For years the French media was light on Le Pen, in many ways they still are, and there you have it, his daughter still gets major air-time. Today Nigel Farage, a fumbling opportunist, heads UKIP. But what if they did have a more charismatic leader?
        Britain succeeded in making the BNP a pariah, the same should be done of its child.

  3. Ibrahim said,

    So Liam O’Hare says that immigrants are welcome to Scotland but not racists. What about immigrants who are racists? Presumably they won’t be welcome which makes his statement that immigrants are welcome a complete sham proving that a country must have control over who comes in.

  4. Rosie said,

    Jim -the Scots do have a big conceited and false idea of themselves as being less racist than those English bastards. There’s a nasty streak of anti-Englishness here, which has led to a couple of murders, bullying of English kids at school and a campaign against the so-called “white settlers” ie English people who bought property in the Borders or Highlands.

    John Wight (aach – I never thought I’d quote hom) seems to have been present at the demo and here’s what he says:-

    “The danger of the campaign for Scottish independence becoming associated with anti English racism is becoming increasingly apparent. On two separate occasions within a matter of months – involving first Iain Duncan Smith and most recently UKIP’s Nigel Farage – protesters and left wing supporters of Scottish independence have heckled both with chants of ‘Get back tae England!’ when they have appeared in Scotland.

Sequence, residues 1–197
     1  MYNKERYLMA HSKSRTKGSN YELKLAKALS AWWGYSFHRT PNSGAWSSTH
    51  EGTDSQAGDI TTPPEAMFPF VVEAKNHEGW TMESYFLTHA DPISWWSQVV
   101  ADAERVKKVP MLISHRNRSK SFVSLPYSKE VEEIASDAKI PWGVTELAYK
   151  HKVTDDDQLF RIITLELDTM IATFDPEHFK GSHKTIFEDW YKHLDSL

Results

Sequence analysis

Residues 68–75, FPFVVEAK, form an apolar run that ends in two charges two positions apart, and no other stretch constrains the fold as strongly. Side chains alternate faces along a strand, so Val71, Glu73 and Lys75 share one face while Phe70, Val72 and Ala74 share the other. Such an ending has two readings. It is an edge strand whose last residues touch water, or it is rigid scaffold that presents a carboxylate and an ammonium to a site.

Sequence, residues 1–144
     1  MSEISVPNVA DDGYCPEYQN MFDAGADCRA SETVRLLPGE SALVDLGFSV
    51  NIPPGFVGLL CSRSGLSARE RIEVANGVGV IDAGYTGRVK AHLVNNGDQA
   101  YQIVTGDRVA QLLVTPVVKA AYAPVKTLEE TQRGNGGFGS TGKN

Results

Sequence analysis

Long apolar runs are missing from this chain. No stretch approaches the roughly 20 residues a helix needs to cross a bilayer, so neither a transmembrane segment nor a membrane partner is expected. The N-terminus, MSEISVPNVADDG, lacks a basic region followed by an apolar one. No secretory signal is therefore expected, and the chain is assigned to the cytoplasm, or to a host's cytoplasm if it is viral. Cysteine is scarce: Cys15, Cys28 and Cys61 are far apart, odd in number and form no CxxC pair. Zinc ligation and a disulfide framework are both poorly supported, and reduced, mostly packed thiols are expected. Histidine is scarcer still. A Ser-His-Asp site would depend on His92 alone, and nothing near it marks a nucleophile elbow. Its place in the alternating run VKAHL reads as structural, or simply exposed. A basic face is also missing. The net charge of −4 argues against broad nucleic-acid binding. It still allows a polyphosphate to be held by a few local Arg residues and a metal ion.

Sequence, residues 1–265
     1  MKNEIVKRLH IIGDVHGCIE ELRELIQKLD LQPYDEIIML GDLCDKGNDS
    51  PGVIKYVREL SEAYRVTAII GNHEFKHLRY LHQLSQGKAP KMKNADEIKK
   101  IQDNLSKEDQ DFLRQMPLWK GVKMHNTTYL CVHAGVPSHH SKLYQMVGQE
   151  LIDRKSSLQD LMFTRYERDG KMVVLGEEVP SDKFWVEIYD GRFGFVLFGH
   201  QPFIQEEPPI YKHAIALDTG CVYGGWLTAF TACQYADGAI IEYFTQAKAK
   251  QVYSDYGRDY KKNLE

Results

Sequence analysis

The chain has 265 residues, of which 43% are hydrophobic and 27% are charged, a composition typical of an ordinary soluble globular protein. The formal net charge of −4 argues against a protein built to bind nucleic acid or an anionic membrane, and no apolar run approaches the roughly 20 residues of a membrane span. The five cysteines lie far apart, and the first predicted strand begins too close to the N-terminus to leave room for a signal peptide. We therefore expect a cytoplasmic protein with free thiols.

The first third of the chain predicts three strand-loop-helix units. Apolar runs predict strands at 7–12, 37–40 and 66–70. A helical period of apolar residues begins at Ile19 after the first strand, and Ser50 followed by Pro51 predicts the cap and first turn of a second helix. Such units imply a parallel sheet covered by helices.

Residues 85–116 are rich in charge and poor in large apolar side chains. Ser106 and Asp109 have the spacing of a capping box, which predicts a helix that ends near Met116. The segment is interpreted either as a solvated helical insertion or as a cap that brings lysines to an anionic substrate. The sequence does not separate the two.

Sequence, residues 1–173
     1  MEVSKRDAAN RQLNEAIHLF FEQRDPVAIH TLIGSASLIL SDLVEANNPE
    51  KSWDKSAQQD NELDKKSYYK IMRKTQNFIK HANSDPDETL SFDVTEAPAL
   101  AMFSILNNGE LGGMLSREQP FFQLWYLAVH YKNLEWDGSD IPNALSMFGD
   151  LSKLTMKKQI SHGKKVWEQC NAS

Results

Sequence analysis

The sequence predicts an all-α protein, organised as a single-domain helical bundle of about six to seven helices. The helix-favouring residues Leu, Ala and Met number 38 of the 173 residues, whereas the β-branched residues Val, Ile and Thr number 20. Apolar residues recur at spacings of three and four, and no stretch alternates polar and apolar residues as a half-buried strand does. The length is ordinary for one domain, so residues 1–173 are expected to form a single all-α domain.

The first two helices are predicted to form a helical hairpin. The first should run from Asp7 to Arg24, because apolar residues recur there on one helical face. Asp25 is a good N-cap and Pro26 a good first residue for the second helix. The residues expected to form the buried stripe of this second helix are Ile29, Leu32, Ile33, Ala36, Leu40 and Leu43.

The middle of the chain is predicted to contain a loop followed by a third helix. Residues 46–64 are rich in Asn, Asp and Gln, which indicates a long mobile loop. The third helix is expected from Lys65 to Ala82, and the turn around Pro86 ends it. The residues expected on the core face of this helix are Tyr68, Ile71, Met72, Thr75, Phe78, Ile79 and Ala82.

Whether those involved have been motivated by anti English hostility or not – and in both instances the answer is clearly more likely not – perception is all in politics. And in this regard, with both events being covered widely by the media, any English person living in Scotland watching this developing trend will be justified in experiencing a growing sense of unease.”

    He’s got his anti-nationalism-in-general take on it, but here he does know what he’s talking about.

    Over at Socialist Unity – I can’t seem to post the link.

    Also comment 6:-

    “Presumably this incident reflects the conceit of some on the Scottish left – especially on the nationalist left as represented by the RIC – that racism is an English disease to which Scots are less prone.”

    But I think Daily Mash did it best:-

    http://www.thedailymash.co.uk/politics/politics-headlines/farage-attacked-by-scottish-farage-2013051769143

    NIGEL Farage stared through the looking glass yesterday as he was besieged in an Edinburgh pub by demented nationalists.

    The UKIP leader had gone to Scotland to talk about why the country you come from is the most important thing about you, but was forced to flee by some furious Scottish people who believe exactly the same thing.

    Farage said: “It was like Being John Malkovich. I looked out and saw lots of angry, Scottish versions of my own face.

    “Thankfully, it has taught me absolutely nothing.”

    Bill McKay, a Scottish Farage, said: “I want to kill that posh English bastard and his message of hate.”

    • Roger McCarthy (@RF_McCarthy) said,

      As a semi-outsider with a foot half placed in Scotland myself (mother in Stirling, best friend in Edinburgh, monthly visits up there until the absurd rail prices and declining funds put paid to that) I mostly agree.

      The underlying issue is that the morons who in England focus their hate on blacks have in Scotland relatively few people of colour to pick on – and those they do have are more likely to be relatively well- integrated are less visible than the highly ghettoised Asian and Black communities in England.